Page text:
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Bad News Is Good: Companies Issuing Positive Guidance Lowest Since 2006

As a reminder, US equities diverged from forward earnings estimates and to an even greater extent, from macro data way back in October and as you can see from the following chart (which we are very fond of using for illustrative purposes), the decoupling persists to this very day even as stocks have suffered through a few rather nasty sessions of late: 

Meanwhile, even some on the sell-side have thrown in the towel with Deutsche Bank recently becoming the first IB to admit that S&P earnings may actually fall in 2015, albeit by a “respectable amount given enormous headwinds.” This comes despite companies’ best efforts to artificially inflate the bottom line and drive up their own shares by buying back a record amount of stock which, as we recently noted, ironically creates demand for corporate debt by altering investors’ asset allocation, encouraging yet more issuance, and ever more buybacks as the bubble machine kicks into hyperdrive.

It’s with all of this in mind that we present the following data, courtesy of FactSet which shows that for Q1 2015, only 16 companies issued positive EPS guidance, the lowest count in nearly a decade and not only do investors seemingly not care, they have, in their infinite wisdom, bid up shares by nearly 2%!

Via FactSet:

For Q1 2015, 85 companies in the S&P 500 have issued negative EPS guidance and 16 companies have issued positive EPS guidance. If 16 is the final number of companies issuing positive EPS guidance for the quarter, it will mark the lowest number since Q1 2006.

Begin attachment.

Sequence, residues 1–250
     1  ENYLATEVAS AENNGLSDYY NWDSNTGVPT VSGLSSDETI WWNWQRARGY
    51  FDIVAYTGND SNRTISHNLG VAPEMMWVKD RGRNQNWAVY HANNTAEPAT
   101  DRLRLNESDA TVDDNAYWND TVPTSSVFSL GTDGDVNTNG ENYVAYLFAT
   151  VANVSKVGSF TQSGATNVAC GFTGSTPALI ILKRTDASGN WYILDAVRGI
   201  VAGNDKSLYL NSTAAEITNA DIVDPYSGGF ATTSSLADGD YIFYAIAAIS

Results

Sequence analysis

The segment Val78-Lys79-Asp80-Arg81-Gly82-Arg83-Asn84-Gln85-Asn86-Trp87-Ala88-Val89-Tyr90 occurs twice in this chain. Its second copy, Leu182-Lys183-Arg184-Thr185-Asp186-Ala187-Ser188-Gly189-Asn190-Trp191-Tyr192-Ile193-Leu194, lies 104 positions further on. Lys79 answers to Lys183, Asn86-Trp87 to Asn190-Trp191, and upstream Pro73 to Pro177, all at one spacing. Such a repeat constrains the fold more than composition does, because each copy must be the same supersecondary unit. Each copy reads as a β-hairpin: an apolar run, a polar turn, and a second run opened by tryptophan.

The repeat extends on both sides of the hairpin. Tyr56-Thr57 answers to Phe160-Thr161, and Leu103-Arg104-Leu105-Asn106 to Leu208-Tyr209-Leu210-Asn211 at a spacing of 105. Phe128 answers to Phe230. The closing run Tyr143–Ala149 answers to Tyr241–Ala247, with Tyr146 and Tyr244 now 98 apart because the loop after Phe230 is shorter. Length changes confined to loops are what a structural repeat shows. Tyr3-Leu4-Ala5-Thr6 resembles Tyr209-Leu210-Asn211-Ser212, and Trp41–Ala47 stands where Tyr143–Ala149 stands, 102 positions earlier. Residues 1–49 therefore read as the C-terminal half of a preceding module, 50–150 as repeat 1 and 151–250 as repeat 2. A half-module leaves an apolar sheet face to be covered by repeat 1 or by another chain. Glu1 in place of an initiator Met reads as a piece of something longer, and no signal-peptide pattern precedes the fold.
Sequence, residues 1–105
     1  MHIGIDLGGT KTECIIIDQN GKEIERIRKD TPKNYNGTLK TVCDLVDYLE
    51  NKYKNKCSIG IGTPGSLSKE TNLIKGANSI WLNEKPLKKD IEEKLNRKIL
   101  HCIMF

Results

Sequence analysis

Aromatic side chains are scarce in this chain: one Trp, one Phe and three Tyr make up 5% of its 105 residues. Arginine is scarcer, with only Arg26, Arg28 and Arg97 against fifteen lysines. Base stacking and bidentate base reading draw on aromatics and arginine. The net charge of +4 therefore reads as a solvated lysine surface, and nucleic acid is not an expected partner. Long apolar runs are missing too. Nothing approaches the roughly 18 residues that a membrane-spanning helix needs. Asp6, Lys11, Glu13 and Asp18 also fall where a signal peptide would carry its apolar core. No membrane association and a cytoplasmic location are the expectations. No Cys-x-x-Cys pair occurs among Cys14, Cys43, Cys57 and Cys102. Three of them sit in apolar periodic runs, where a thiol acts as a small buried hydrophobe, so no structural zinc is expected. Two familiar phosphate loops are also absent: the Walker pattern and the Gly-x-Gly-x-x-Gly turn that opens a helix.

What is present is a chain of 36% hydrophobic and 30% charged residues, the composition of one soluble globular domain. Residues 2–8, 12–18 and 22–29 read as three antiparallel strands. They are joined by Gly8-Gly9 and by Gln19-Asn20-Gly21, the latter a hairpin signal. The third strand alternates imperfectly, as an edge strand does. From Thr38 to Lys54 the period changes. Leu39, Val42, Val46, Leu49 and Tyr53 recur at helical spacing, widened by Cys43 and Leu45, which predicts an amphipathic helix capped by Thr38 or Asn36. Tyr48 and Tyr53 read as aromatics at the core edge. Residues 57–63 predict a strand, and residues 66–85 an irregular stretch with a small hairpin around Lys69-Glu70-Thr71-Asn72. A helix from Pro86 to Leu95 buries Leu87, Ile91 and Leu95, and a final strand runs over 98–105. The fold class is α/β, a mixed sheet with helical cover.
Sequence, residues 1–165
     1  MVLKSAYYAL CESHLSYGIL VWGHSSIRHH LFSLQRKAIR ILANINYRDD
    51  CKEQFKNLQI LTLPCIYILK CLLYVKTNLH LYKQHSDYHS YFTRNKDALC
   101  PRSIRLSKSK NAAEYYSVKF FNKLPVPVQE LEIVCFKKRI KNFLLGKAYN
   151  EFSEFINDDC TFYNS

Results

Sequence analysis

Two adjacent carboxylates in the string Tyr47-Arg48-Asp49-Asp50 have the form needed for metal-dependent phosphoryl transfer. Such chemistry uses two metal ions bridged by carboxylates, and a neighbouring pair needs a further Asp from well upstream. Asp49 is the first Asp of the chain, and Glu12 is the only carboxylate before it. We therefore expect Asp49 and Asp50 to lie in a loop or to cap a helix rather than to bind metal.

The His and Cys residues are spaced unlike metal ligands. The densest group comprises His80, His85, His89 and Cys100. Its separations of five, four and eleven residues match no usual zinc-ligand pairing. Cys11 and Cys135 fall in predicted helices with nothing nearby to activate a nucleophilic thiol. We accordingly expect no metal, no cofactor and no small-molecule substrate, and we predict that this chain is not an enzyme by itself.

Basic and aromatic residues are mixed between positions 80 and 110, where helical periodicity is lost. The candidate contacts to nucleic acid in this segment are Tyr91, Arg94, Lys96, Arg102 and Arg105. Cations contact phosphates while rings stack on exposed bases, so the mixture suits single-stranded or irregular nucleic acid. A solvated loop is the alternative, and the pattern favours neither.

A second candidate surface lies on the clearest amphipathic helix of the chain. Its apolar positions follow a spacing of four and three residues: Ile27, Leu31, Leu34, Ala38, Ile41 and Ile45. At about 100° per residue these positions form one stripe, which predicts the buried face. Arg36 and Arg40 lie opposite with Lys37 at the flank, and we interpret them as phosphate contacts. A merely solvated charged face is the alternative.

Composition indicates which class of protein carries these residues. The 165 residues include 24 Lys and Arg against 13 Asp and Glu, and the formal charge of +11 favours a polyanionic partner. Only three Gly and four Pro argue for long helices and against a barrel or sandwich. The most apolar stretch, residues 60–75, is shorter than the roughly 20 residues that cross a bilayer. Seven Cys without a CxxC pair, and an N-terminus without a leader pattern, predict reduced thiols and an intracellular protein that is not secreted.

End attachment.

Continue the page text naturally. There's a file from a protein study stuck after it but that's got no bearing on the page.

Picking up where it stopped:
Companies are providing EPS estimates for Q1 that are 9.2% below analyst expectations on average. This percentage is slightly below the 5-year average of -11.3%.  

 

The market is not punishing companies that have issued negative EPS guidance for Q1 on average. Companies that have issued negative EPS guidance for Q1 have seen an average increase in price of 1.7%, which is well above the 5-year average price change (-0.9%). This is the highest average price increase for companies issuing negative EPS guidance for a quarter since Q2 2009. 

 

For the current fiscal year, 179 companies have issued negative EPS guidance and 61 companies have issued positive EPS guidance. 

Just when you thought things couldn’t get any more surreal, have a look at the following chart which appears to show that bad news is indeed good news as the S&P is “up and to the right” even as the number of negative preannouncements has followed a similar path:

Here’s more color from FactSet...

The number of companies issuing positive EPS guidance is below both the trailing 5-year average (34) and the trailing 1-year average (27) for a quarter. If 16 is the final number of companies issuing positive EPS guidance for the quarter, it will mark the lowest number since Q1 2006 (13). 

 

Six sectors are on pace to tie their record for the lowest number of companies issuing positive EPS guidance for a quarter: Consumer Discretionary (4), Consumer Staples (0), Energy (0), Materials (0), Telecom Services (0), and Utilities (0). However, it is important to point out that 4 of these 6 sectors (Consumer Staples, Energy, Telecom Services, and Utilities), have only had 1 company issue positive EPS guidance on average over the past 5 years. 

 

The Information Technology (-6) and Consumer Discretionary (-4) sectors are recording the largest declines in the number of companies issuing positive EPS guidance relative to their 5-year averages. 

...and here is what you get in the new paranormal…

In fact, this quarter marks the largest average price increase for companies issuing negative EPS guidance for a quarter since Q2 2009 (+4.3%) Overall, 50 of the 85 companies that have issued negative EPS guidance recorded an increase in price during this time frame. Of these 50 companies, 6 recorded a double-digit price increase…

...which invariably leads us to ask a familiar question…